Guest Post by Lillie Ammann
November is almost here, and many of you are gearing up to write a 50,000 word novel during National Novel Writing Month (NaNoWriMo).
I’ve never participated in NaNoWriMo, and I’ve never written a novel in thirty days. However, I wrote an 85,000 word romantic mystery novel in six months, writing only a few hours one day a week. If I had written every day instead of once a week, I would have finished the first draft of Dream or Destiny in less than thirty days.
Perhaps the method I used to write a novel in six months can help you write a novel in thirty days if you write more often than I did.
- Make a commitment. I committed to write a chapter each week so I would have something for a weekly critique group meeting. You can make a commitment to write 50,000 words in thirty days or 1500-2000 words a day or 12,000 words a week during the month of November.
- Ensure accountability. My critique partners held me accountable. I didn’t want to show up at the meeting without a chapter for them to read. You can report your word count on the NaNoWriMo Web site, share updates on your blog, or compare progress with writer friends who are also NaNoWriMo participants.
- Establish a schedule. I set aside three to four hours the afternoon before my critique group meeting to write each week. You will likely have to sacrifice some other activities for the month of November to create enough time to write 50,000 words, so decide on a schedule that works for you. Early in the morning, late at night, on your lunch hour, during the baby’s nap … plan time to write each day. How much time you need will depend on how fast you write. If you don’t know how many words you average in an hour, write a short story and calculate your output. Then schedule the amount of writing time you’ll need to draft your novel in November.
- Be willing to write pure green dreck. The goal of NaNoWriMo is not to produce a finished novel but to create a first draft. Resist the urge to edit—you can do that long past the end of November. Your job during NaNoWriMo is to produce a draft to polish later.
- Make it easy to get started the next day. I like to write a few sentences into the next chapter in each writing session. The next time I sit down to write, I find it easier to get started because I’m looking at the beginning of a scene rather than a blank page. It also helps to get back into the story by reading the last few paragraphs written the day before.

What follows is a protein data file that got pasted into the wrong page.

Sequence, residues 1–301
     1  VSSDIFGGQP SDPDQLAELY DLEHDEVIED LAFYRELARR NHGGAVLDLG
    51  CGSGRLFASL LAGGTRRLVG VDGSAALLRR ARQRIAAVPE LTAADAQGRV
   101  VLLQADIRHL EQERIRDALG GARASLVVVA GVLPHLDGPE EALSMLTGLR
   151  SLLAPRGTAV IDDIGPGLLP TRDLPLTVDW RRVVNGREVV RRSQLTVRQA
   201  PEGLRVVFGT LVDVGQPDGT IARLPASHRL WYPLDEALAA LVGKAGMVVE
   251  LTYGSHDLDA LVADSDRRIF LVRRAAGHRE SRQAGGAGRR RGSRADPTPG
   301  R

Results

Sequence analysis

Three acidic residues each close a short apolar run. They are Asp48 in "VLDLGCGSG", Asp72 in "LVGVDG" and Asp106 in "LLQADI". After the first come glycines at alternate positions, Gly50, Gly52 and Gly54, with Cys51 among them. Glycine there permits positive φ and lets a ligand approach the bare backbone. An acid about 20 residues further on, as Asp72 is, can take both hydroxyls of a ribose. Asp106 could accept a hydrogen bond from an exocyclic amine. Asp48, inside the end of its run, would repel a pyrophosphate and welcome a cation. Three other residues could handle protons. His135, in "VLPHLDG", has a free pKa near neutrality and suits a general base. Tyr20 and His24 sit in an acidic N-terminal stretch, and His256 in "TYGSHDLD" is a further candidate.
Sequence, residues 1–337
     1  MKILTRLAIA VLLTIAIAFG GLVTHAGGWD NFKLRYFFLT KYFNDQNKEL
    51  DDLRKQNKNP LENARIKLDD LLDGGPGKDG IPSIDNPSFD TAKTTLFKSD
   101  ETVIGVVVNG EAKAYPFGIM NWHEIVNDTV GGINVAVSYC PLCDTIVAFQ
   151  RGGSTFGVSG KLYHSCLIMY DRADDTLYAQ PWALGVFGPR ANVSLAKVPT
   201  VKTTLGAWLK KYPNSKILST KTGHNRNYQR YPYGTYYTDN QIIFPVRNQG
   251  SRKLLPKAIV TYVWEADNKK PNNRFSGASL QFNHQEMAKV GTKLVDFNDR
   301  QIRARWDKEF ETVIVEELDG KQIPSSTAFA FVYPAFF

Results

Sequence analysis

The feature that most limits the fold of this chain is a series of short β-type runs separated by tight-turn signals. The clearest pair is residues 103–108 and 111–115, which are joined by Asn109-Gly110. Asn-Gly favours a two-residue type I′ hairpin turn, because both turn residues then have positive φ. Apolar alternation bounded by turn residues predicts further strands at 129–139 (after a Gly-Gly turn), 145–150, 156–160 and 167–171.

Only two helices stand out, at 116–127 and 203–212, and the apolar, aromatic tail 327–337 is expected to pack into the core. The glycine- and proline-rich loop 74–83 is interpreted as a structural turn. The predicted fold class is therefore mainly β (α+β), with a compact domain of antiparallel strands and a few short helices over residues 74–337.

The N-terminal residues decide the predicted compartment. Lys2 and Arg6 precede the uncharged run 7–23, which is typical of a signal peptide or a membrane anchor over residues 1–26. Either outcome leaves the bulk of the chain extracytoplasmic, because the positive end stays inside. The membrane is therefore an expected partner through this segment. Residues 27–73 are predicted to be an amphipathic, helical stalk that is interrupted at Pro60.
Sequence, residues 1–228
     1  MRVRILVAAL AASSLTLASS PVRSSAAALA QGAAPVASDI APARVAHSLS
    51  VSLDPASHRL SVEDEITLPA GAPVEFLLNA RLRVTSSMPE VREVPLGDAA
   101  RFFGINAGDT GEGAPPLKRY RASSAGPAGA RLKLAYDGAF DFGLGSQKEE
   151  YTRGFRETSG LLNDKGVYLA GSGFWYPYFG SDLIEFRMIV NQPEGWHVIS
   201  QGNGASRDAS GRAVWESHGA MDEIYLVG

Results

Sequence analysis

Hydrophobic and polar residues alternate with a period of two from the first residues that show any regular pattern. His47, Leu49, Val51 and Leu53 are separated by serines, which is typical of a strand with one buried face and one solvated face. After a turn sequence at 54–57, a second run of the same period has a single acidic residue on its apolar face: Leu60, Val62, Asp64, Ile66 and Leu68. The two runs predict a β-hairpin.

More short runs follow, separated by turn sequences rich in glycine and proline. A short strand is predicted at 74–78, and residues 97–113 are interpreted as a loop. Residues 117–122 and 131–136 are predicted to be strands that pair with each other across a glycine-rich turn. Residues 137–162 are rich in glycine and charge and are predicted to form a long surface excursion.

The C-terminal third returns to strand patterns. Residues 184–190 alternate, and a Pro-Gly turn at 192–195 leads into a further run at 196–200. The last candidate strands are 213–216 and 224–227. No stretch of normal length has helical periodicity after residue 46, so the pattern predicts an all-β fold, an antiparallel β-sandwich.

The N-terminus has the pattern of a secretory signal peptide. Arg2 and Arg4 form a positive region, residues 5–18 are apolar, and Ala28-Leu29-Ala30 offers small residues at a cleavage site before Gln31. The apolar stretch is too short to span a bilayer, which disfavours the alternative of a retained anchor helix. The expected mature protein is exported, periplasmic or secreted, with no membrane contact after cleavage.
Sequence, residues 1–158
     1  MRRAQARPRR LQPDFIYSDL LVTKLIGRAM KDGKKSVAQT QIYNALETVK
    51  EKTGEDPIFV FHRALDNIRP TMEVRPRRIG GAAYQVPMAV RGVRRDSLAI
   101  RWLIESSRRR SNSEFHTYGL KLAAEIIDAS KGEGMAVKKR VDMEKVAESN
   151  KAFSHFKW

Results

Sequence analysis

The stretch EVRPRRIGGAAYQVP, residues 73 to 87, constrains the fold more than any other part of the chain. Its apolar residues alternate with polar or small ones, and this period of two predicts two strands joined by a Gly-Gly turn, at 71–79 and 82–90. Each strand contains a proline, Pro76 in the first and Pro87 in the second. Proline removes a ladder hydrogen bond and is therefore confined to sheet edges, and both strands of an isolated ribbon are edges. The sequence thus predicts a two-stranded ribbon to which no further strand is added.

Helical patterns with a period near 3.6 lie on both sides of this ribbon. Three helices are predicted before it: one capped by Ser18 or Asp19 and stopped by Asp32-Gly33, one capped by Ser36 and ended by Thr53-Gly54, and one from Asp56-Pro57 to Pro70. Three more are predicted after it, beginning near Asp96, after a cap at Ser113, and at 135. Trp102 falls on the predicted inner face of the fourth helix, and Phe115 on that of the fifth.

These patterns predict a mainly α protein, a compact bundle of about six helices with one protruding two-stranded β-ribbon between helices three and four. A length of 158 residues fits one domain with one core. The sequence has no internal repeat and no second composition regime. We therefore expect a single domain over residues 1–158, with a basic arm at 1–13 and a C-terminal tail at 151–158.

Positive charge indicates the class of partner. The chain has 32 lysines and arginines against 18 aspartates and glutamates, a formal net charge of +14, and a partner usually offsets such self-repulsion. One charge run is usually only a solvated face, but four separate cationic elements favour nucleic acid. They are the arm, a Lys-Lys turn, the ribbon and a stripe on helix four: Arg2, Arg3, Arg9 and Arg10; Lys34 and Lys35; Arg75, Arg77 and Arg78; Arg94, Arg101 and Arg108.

- Don’t let getting stuck slow you down. There’s no law that says you have write a novel from beginning to end. If you get stuck, don’t quit writing. Write something else—a scene later in the book, even the last chapter. Or make a note that you need to add a scene or a chapter and continue writing. Keep the momentum going throughout the month.
I hope these six tips help you become a NaNoWriMo winner.
My visit here at Words for Hire is the first stop on my blog book tour, which will continue for the next three weeks. If you follow the tour, you’ll learn where I got the idea for the story and why it took ten years for the book to be published. But now it’s time to focus on writing that novel in thirty days. Good luck!
I look forward to your comments, and I’ll check back during the day to answer questions.
I am so thrilled that Lillie included Words For Hire on her blog book tour! Lillie has graciously agreed to give away a copy of Dream or Destiny to one lucky Words For Hire reader. To enter, simply leave a question or comment on today’s post. You may comment at any time during the day or evening. The contest will close at 8am EST Tuesday, October 28th. One reader will be randomly selected as the winner. I have started reading my copy of the book and I am hooked!
Lillie Ammann didn’t start writing until a devastating stroke convinced her it was time to pursue her lifelong dream. She sold her interior landscape business and started her new career as a freelance writer and editor. Dream or Destiny is her second novel. Lillie and her husband Jack live in San Antonio, Texas. She blogs at A Writer’s Words, An Editor’s Eye.